She added Golden has been "meeting with and listening to students and staff, hearing their stories and working together toward improvement" in this area.
"This is another incident that emphasizes that we continuously have work to do with students, faculty and staff," Golden said concerning the incident on Thursday.
Later, during the WCS Board of Education work session on Thursday, Golden addressed the issue before the board and read Keidel's statement.
"Race is an issue that everyone — everyone in this entire nation — needs to be cognizant of and work on," Golden said during the meeting.
He shared that the district has made "appropriate discipline" for each incident like this "a point of emphasis."
District 3 board member Eliot Mitchell shared that he believes a letter from the school principal "does not address the problem sufficiently."
"I am a supporter of having us look at our policy around racist activity and incidents and make sure that our policies are sufficient to allow the necessary actions that need to be taken to absolutely remove any type of appearance that this is acceptable behavior," he said. "I'm a believer that it's absolutely a systemic problem, and it has no place at all in our system."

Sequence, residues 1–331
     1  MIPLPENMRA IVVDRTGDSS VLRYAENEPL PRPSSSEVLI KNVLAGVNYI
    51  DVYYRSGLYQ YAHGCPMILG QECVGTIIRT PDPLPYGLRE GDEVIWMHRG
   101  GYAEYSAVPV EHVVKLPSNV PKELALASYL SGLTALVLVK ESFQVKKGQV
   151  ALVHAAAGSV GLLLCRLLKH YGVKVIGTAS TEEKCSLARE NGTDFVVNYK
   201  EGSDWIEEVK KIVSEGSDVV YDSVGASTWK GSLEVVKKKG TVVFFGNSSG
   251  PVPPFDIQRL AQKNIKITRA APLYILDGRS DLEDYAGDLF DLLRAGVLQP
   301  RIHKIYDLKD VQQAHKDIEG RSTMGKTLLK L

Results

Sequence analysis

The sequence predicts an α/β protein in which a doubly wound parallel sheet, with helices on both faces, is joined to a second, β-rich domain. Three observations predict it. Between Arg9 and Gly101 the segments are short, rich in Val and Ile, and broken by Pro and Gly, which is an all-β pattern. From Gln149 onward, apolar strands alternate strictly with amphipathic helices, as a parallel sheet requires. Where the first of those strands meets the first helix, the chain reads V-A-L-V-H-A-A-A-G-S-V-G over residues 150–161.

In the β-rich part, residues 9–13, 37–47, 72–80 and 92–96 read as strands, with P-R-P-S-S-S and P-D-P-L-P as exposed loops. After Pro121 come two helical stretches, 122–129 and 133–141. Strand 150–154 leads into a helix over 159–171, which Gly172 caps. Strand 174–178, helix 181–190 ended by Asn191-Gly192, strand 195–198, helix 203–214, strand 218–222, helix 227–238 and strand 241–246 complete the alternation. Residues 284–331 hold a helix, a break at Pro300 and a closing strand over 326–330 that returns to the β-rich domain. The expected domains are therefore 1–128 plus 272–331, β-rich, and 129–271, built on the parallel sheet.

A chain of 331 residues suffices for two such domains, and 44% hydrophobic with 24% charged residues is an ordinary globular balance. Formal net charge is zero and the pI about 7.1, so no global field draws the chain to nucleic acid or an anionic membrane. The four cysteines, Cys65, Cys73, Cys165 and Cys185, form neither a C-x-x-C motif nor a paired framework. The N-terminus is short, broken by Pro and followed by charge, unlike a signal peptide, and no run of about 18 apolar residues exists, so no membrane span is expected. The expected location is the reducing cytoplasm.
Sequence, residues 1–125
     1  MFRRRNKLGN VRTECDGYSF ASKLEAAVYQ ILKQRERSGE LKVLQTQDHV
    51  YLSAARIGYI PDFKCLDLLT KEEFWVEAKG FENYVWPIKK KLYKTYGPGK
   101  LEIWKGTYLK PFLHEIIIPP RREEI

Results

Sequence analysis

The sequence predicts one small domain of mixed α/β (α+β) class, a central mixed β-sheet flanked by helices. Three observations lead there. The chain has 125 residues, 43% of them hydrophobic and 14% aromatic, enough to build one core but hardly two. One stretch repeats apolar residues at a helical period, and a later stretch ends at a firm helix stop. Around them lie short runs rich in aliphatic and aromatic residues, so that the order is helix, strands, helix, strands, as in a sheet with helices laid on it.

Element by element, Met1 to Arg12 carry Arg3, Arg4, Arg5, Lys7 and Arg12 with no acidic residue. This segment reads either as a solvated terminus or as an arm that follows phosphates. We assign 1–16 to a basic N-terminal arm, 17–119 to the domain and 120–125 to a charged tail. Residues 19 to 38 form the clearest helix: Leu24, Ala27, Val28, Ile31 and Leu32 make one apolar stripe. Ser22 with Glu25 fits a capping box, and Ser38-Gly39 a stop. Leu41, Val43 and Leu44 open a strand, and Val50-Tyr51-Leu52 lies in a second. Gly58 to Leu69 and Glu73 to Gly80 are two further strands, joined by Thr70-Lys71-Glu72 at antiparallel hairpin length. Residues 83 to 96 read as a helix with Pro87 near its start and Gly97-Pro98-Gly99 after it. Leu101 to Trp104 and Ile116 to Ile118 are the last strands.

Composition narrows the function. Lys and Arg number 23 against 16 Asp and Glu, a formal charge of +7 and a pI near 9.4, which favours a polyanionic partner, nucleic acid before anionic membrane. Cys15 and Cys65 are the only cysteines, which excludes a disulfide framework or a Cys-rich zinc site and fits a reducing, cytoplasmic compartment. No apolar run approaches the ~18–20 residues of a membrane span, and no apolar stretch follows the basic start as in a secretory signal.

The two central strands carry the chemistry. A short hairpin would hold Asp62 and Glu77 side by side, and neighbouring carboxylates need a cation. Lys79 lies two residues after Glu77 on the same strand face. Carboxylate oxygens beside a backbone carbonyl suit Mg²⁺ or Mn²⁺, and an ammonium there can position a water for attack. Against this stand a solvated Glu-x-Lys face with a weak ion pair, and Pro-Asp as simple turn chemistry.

Golden shared that Dana Ausbrooks, the general counsel for WCS, has been reviewing the district's policies in this way, and he has been looking into professional development or training for the district around this issue as well.
"We may be coming to you in a couple months with some proposals," he said. "I think you know that our challenges predate us in this community — predate individual board members, predate me being superintendent — and it is something that we do take seriously."
Inetta Gaines, a WCS grandparent and member of the Cultural Competency Committee originally formed by former superintendent Mike Looney, said her granddaughter showed her the photo. She said she would like to see firmer consequences in these situations.